The school term has come an end, which means that I'll get some time off for Christmas. I'm going to visit my parents, who live in another state, for a few days. The rest of the time I'll be in Chicago. I'll be using my Christmas break mainly to work on my dissertation, clean out my apartment, and write fiction. Oh, and I'll probably "relax" at least 5% of the time and do something fun. (What? I'm a neurotic workaholic, not a laid-back slacker! And even when I "relax" and do something that isn't work, I'm still thinking about all the work that I have to do.)
Now that I have some free time, I've come back to my manuscripts, one of which includes a love triangle. I've come up with more than one ending for it. In one ending, the main character ends up with the "right" guy. But something about that ending feels wrong to me. I feel like it's the ending that I want, not the ending that the main character wants.
For me, my characters do become "real", in some sense. Not real in the sense that I ate breakfast with the main character and am going to go out later and give wedgies to annoying people with her best friend. But "real" in the sense that sometimes when I'm writing, the characters say or do something that surprise me, because I hadn't even been thinking about it before. That's why I'm not very good at plotting, because I don't always know what's going to happen ahead of time. And I think that's part of what makes writing fun. (Of course, if plotting works for you, keep doing it.)
At first, the main character resembled me in many respects, but as I kept writing, she started developing a personality of her own. (But she still possesses several of my traits, such as the fact that she yells at her neighbors to MOVE OUT when they have one of their "Let's party like we don't have neighbors" parties.) That's why when I tried to write this one ending for her, it felt like she kept shaking her head and saying, "NO! That's what you would do, not what I would do."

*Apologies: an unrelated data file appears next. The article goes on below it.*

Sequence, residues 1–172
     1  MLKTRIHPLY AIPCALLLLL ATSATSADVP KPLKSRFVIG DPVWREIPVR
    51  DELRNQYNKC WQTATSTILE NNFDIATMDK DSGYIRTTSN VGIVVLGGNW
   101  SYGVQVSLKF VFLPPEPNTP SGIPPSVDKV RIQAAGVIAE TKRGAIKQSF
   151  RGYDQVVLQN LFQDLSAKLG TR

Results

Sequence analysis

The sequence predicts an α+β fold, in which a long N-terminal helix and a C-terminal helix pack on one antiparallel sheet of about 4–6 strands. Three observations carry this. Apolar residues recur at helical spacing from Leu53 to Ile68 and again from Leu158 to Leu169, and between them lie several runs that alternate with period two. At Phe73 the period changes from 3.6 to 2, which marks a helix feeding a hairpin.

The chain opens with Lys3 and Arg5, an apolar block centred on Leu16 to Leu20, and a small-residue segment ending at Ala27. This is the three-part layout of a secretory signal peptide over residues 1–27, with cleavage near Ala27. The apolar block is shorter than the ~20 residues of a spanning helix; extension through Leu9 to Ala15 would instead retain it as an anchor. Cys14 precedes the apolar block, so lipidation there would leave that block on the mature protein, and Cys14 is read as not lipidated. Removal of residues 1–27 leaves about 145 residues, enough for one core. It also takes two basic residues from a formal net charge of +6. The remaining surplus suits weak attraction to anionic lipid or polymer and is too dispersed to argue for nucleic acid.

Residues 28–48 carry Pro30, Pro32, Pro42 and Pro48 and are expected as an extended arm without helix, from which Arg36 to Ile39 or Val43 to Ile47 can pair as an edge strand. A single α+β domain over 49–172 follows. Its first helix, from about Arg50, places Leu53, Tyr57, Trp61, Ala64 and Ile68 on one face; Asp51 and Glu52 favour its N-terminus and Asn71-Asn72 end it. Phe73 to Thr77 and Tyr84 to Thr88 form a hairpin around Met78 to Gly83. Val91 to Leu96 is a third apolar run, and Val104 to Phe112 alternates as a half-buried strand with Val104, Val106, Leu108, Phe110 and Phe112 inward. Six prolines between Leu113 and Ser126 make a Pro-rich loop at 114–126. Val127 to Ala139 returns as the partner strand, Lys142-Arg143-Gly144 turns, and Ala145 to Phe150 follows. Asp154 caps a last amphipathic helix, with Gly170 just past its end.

If I change the ending, it changes the entire tone of the story. That's not necessarily a bad thing, but it is hard for me to just let go and let the characters tell their story. In addition to being a neurotic workaholic, I'm also a control freak.
One reason I've been thinking about this a lot lately is that I didn't get the ending I wanted with my crush. No, I didn't ask him out, but he did snub me recently. I won't get into specifics on how he snubbed me, because I'm still nervous that he'll find this blog somehow (incidentally, outside of the blogosphere, most people don't know that I'm Neurotic Workaholic or even that I want to be a writer, because I keep my writing life a secret).
He didn't snub me in a cruel way, not in the way that would make Taylor Swift write an angry song about him. But it was more of a thoughtless snub, and it cut deep all the same. The ending I wanted was one where I could finally give up online dating FOREVER and be with a guy who I thought was worth the wait. But it just didn't turn out that way.
Don't worry. I'm okay, or at least I will be...eventually. I'm going to go listen to one of my Taylor Swift playlists on my iPod. Yes, I have more than one.
Does that ever happen to you? That is, do you find yourself struggling
with the ending or other scenes, where you want your characters to act
one way but they keep resisting and make the scenes fall flat or come up with their own scenes? How do you deal with it?
Choose Words and Make Mayhem - A few years ago, *Rajani LaRocca * and I met at a writing retreat. After realizing we had way too many things in common to be coincidence, we became frie...
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